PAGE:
Using a virus that grows in black-eyed pea plants, researchers developed a new therapy that could keep metastatic cancers from spreading to the lungs, as well as treat established tumors in the lungs.
These fridge-free COVID-19 vaccines are grown in plants and bacteria
Nanoengineers at the University of California San Diego have developed COVID-19 vaccine candidates that can take the heat. Their key ingredients? Viruses from plants or bacteria.
Soft skin patch could provide early warning for strokes, heart attacks
UC San Diego engineers developed a soft, stretchy ultrasound patch that can be worn on the skin to monitor blood flow through vessels deep inside the body. Such a device can make it easier to detect cardiovascular problems, like blockages in the arteries that could lead to strokes or heart attacks.
‘Nanodecoy’ Therapy Binds and Neutralizes SARS-CoV-2 Virus
Nanodecoys made from human lung spheroid cells (LSCs) can bind to and neutralize SARS-CoV-2, promoting viral clearance and reducing lung injury in a macaque model of COVID-19.
Chula Engineering Cures Salty Tap Water with NanoTech
During the dry season this year, Bangkok residents have faced the saltiest tap water problem in 20 years as a result of global warming and seawater rise. Chulalongkorn engineers predict the problem to persist until May and have proposed solutions with desalination technology.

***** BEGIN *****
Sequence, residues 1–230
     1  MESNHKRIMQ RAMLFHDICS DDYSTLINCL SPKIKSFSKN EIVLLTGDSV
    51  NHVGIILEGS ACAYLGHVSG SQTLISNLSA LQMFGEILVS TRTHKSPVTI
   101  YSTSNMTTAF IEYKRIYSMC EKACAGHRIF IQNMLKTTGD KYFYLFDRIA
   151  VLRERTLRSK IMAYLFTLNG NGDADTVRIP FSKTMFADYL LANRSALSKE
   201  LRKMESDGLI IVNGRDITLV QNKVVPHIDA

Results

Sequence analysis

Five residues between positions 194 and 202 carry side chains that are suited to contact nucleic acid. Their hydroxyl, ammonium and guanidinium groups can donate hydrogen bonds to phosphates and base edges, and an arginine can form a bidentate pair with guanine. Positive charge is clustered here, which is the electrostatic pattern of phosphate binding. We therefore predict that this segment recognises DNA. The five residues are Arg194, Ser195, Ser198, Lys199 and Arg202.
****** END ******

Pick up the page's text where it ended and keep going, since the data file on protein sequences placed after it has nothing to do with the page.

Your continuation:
UCLA researchers receive $2.97 million grant to develop test for early detection of liver cancer
UCAL researchers are developing a nanotechnology-enabled cancer diagnostic solution that will help detect early stage liver cancer for people who are at risk of developing the disease.
Micromotors push around single cells and particles
A new type of micromotor—powered by ultrasound and steered by magnets—can move around individual cells and microscopic particles in crowded environments without damaging them. In one demonstration, a micromotor pushed around silica particles to spell out letters. Researchers also controlled the micromotors to climb up microsized blocks and stairs, demonstrating their ability to move over three dimensional obstacles.
Houston Methodist researchers test-drive Lamborghini’s carbon fiber materials in space
Houston Methodist researchers are studying Italian sports car maker Automobili Lamborghini’s carbon fiber materials in space.